2. yojeffg says:

    You raise many great points in your blog post. There are a few thoughts I have on technology always being portrayed as evil. First, these computers and technological inventions would only be evil if they are made evil by the people. At that point it would be humanities own fault for making robots that can take over the world. Malicious robots aren’t outside the realm of comprehension, as one basically just needs to give thought process or critical thinking to a missile that can guide itself.
    I was fortunate enough to take a colloquia last spring in Cosmology and one of the theories discussed was Fermi’s Paradox. Fermi’s Paradox is the contradiction between all the chances and high probabilities of aliens existing, but a lack of any evidence that they exist. One theory advocates that the earth is simply a planet that is being observed by aliens for research. Another theory is that aliens have observed earth, seen its destructive potential, and basically quarantined it from the rest of the universe. The one theory that our professor advocated for was that advanced civilizations will become advanced enough to destroy themselves, but not advanced enough to explore the universe deep enough. He related to how today there are weapons that exist that could destroy the world and with the number of countries fighting with each other that have similar powers the earth could end because humans blow it up.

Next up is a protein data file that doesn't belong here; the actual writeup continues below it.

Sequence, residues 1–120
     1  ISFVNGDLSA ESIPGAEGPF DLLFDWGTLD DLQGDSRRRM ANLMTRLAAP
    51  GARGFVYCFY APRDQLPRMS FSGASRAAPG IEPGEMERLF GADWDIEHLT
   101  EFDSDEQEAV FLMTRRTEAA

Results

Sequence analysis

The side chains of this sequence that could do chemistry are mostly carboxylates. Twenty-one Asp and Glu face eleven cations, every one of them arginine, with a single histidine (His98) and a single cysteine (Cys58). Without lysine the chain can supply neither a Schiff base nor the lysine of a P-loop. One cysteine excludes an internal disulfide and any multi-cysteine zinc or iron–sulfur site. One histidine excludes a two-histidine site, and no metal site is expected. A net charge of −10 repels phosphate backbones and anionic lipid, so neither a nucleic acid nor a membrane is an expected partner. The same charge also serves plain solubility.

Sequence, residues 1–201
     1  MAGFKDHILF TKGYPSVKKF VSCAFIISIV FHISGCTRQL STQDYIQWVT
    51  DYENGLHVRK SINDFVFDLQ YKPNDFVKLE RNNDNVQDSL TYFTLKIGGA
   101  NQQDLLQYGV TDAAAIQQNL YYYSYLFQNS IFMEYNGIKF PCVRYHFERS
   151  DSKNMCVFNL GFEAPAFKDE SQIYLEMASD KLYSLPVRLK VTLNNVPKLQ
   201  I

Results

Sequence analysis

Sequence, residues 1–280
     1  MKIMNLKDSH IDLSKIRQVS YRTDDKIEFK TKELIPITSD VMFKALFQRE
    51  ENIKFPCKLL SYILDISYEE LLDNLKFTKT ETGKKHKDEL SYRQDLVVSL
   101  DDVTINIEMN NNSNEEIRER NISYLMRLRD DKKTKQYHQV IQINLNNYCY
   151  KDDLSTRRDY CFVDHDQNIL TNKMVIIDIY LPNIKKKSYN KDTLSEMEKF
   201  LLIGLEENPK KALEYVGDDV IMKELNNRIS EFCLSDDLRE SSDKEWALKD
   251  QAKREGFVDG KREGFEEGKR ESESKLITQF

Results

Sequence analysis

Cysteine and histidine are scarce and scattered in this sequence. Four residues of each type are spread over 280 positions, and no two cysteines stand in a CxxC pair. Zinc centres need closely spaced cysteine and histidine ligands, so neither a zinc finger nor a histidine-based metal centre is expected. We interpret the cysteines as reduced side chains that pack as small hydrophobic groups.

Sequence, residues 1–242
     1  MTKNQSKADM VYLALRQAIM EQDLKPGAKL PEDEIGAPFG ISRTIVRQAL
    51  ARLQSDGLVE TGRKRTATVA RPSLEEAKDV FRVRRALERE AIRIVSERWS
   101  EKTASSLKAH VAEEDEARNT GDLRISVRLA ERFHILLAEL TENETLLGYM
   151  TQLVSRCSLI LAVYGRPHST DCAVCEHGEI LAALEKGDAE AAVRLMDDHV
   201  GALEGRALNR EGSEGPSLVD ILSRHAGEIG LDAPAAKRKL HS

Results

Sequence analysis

I too was surprised by Lisa Foo’s point that computers may in fact be stupid and have no intentions whatsoever in taking over the world. One of the books that I was surprised didn’t get brought up in our last class discussion was Do Androids Dream of Electric Sheep by Philip K. Dick. (The book was made in to the movie Blade Runner, which stars Harrison Ford) In the book humans have had to move to colonies off Earth to avoid the nuclear fallout. Robots are made that are made up of organic materials and the only way to test if they are machines is through an “empathy” test or by analyzing their bone marrow. They are “retired” after four years of manual work outside and in space for jobs that are too dangerous for humans. After 4 years the models become dangerous and basically understand what it means to be human. Perhaps domination of others is a natural human response and people secretly fear that machines will have this same passion. A humanistic side of the machine, I believe, would be necessary for them to want to take over the world.
    One of the most common elements in sci-fi and dystopian movies is that something is out of control. Humans are unique in that our use of tools far exceeds physical abilities and it is possibly a fear throughout time and space that one day the tools will surpass humans and essentially decide that they are better and try to take over.

  3. Or is the theme of being out of control related to fears about change? Given that technological change is often the most visible, it’s no wonder that it features so prominently in dystopian visions. Perhaps less sexy and dramatic to blame the apocalypse on poor planning or human judgment.